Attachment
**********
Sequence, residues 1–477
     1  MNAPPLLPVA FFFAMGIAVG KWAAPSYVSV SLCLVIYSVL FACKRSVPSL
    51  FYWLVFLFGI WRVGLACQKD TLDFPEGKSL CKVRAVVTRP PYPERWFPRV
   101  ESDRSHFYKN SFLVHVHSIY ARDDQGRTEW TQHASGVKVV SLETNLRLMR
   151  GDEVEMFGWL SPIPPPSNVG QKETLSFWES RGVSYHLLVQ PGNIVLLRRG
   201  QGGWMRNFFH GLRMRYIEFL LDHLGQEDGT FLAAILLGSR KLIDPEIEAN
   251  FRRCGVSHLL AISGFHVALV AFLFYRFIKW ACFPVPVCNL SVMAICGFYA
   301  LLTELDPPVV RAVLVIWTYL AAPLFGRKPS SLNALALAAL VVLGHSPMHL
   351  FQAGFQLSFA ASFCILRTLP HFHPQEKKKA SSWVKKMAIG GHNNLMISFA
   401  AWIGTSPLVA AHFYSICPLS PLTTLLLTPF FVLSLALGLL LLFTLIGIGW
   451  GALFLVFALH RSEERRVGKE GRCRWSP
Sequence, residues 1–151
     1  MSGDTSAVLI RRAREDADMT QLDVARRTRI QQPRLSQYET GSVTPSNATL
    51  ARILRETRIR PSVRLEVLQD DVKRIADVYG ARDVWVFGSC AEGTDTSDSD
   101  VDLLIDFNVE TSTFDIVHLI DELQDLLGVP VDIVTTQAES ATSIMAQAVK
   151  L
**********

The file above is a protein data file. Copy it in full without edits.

Sequence, residues 1–477
     1  MNAPPLLPVA FFFAMGIAVG KWAAPSYVSV SLCLVIYSVL FACKRSVPSL
    51  FYWLVFLFGI WRVGLACQKD TLDFPEGKSL CKVRAVVTRP PYPERWFPRV
   101  ESDRSHFYKN SFLVHVHSIY ARDDQGRTEW TQHASGVKVV SLETNLRLMR
   151  GDEVEMFGWL SPIPPPSNVG QKETLSFWES RGVSYHLLVQ PGNIVLLRRG
   201  QGGWMRNFFH GLRMRYIEFL LDHLGQEDGT FLAAILLGSR KLIDPEIEAN
   251  FRRCGVSHLL AISGFHVALV AFLFYRFIKW ACFPVPVCNL SVMAICGFYA
   301  LLTELDPPVV RAVLVIWTYL AAPLFGRKPS SLNALALAAL VVLGHSPMHL
   351  FQAGFQLSFA ASFCILRTLP HFHPQEKKKA SSWVKKMAIG GHNNLMISFA
   401  AWIGTSPLVA AHFYSICPLS PLTTLLLTPF FVLSLALGLL LLFTLIGIGW
   451  GALFLVFALH RSEERRVGKE GRCRWSP
Sequence, residues 1–151
     1  MSGDTSAVLI RRAREDADMT QLDVARRTRI QQPRLSQYET GSVTPSNATL
    51  ARILRETRIR PSVRLEVLQD DVKRIADVYG ARDVWVFGSC AEGTDTSDSD
   101  VDLLIDFNVE TSTFDIVHLI DELQDLLGVP VDIVTTQAES ATSIMAQAVK
   151  L